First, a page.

From test to best: Maximise your Return on Learning

As we come into a critical sales period of the year, it is crucial to deliver and reach our business targets. However, if we only focus on results in the short term, we miss a valuable opportunity to build competitive advantage and drive performance in the long run.

A great way to look back on the year is to consider your Return on Learning or short: RoL. And no, it’s not rofl. One of my famous quotes highlighting the mindset behind comes from Edward Deming who stated that “Learning is not compulsory … neither is survival.”

What is your Return on Learning?

Unlike our normal metrics of Return on Ad Spend or Return on Investment, RoL is qualitative and cannot be measured in a simple way but as the old adage goes, ‘not everything that can be counted counts and not everything that counts can be counted.’ Return on Learning fits into the latter category but this does not make it any less significant.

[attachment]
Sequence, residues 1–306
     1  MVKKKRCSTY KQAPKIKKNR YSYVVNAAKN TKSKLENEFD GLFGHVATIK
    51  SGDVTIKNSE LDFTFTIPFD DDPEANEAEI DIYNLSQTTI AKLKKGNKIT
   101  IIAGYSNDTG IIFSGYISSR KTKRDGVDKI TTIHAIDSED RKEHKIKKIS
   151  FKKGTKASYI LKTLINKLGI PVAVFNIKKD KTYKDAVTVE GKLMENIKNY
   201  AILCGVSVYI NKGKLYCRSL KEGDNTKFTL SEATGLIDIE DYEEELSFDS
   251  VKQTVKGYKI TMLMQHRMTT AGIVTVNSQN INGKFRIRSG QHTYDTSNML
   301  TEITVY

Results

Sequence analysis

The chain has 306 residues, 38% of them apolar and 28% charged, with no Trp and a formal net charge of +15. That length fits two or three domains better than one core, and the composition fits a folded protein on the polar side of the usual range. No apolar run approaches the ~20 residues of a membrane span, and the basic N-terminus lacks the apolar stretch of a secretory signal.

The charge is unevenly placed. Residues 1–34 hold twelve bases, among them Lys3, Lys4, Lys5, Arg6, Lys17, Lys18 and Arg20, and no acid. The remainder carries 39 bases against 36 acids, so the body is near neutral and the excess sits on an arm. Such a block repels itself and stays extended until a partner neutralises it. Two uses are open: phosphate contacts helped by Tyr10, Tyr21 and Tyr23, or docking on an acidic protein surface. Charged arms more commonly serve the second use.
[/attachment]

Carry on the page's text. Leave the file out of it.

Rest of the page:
So, Return on Learning is a way to understand and capture what you are learning in a time of constant testing and improvement. Having this concept for yourself and ideally embedded in your organisation – whether it is PPC, e-commerce or in general –  reinforces learning and creates the ability to not only improve in the future but to do so consciously. And here you can find additional input highlighting the importance of compounding through marginal gains.

Performance data vs. Return on Learning

As Digital Marketers we operate in a world full of data and performance. This is brilliant and I often reflect on how lucky I am to operate in such a data rich business environment. However it can lead to short-term decisions as well as complex discussions about value (attribution, budgets, etc).